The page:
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Your Heart on Junk Food

Posted Dec 11 2012 11:00am

To overcome willpower problems, some diets advocate the so-called free day. You can forget all those rules you’ve been fighting to uphold one day a week, guilt free. Unfortunately, a study by the University of Montreal-affiliated ÉPIC Center of the Montreal Heart Institute refutes this common diet strategy, stating that even one bad meal can negatively impact your health.

Saturated Fats and Cardiovascular Function
Consuming saturated fats, like those found in butter or lard, carries health risks. First, they contain high portions of fat that can contribute to obesity; this is a risk factor for heart disease, diabetes and other chronic illnesses. They can also increase your chances of developing atherosclerosis or hardening of the arteries.

The researchers found that even a single meal that is high in saturated fats can affect cardiovascular function. They analyzed blood vessel dilation after participants consumed a meal high in fat. They found that arterial dilation decreased 24 percent. This means that these blood vessels remain more constricted, leading to higher blood pressure and a heightened risk of atherosclerosis.

These findings shed new light on the mechanisms behind heart disease risk. They also show that you can exercise some control over it by good diet choices–at every meal. The cheat meal has no place in a healthy diet no matter what the reason or intention.

Staying Motivated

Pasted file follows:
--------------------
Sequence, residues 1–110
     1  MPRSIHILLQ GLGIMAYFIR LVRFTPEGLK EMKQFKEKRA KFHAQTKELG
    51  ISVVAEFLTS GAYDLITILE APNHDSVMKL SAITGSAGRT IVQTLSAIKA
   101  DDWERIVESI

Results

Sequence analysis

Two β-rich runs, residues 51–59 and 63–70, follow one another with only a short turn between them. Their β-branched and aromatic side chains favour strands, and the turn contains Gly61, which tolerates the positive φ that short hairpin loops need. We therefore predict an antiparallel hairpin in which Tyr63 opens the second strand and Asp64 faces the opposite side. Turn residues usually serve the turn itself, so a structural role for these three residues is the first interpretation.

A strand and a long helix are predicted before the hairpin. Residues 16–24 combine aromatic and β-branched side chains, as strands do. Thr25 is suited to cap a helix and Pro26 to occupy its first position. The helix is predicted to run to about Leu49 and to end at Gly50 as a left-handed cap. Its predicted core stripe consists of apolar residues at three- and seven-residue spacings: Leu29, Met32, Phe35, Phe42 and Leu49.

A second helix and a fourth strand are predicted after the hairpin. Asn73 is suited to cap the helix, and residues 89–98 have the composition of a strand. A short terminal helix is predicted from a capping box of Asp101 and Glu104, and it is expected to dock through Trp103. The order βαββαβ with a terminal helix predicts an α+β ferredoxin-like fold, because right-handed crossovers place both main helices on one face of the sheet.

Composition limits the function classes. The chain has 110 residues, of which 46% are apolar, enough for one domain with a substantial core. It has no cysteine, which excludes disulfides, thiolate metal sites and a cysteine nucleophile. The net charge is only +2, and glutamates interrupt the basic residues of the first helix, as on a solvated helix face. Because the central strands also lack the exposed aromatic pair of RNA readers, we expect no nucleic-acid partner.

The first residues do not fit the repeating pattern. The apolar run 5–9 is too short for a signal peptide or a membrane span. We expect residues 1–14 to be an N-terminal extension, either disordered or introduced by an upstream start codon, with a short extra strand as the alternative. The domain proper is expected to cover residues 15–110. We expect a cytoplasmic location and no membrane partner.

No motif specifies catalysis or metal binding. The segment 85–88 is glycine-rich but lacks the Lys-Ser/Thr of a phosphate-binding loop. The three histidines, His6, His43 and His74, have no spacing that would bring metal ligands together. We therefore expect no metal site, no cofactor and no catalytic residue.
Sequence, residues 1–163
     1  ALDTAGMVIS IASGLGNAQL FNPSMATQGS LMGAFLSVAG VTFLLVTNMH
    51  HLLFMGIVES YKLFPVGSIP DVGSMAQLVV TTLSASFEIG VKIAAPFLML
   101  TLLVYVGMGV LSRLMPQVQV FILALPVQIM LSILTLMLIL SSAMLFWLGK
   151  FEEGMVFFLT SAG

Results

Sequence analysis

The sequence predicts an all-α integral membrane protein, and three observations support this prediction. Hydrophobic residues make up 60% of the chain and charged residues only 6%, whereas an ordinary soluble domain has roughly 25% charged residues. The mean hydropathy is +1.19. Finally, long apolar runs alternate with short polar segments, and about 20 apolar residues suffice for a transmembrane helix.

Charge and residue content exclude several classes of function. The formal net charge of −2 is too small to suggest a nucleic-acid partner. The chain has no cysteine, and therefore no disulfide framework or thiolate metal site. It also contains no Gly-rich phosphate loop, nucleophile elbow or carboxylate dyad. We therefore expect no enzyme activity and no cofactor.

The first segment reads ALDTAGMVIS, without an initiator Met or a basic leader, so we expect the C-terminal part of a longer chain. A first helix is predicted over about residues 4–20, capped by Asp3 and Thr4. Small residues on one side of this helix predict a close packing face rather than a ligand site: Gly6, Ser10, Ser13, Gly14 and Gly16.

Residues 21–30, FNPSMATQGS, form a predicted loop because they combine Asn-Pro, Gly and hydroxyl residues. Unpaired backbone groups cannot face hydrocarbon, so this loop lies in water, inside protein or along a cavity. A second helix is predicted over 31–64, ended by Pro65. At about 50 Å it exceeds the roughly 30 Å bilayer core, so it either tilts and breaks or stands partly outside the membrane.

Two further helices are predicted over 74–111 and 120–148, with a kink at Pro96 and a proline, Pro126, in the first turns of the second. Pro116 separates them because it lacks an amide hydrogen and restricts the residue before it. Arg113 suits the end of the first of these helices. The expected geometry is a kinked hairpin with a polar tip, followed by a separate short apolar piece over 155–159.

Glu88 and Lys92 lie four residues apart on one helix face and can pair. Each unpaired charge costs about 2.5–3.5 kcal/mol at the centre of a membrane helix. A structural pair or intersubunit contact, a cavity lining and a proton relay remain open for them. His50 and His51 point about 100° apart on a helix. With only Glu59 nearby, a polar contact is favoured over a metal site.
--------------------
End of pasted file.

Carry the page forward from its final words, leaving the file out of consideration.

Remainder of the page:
If you needed a reason to clean up your diet, these findings certainly can provide a compelling case. The fact remains that foods containing saturated fats, cholesterol and added sugars are addicting. Overcoming these food addictions means giving them up cold turkey. Every time you indulge, you delay your body’s ability to lose its taste for these unhealthy foods. And, as this study points out, you also negatively affect cardiovascular function.

Of course, not all fats are bad. Researchers also found that participants who consumed a Mediterranean-type meal did not experience the same effects; blood vessel function remained normal. The takeaway message is that the healthy diet consists of good fats, like olive or canola oil. These fats provide the nutrients your body needs, without harming cardiovascular function.

Eating healthy doesn’t have to be a chore; you needn’t feel deprived. It’s simply a matter of switching focus from unwise choices to healthier ones. Choosing polyunsaturated or monosaturated fats is an excellent starting point.


Centers for Disease Control and Prevention. (2012). High Blood Pressure Facts .

Eureka Alert. (2012).  New study reveals that every single junk food meal damages your arteries .

photo credit: Vanessa Pike-Russell via photopin cc

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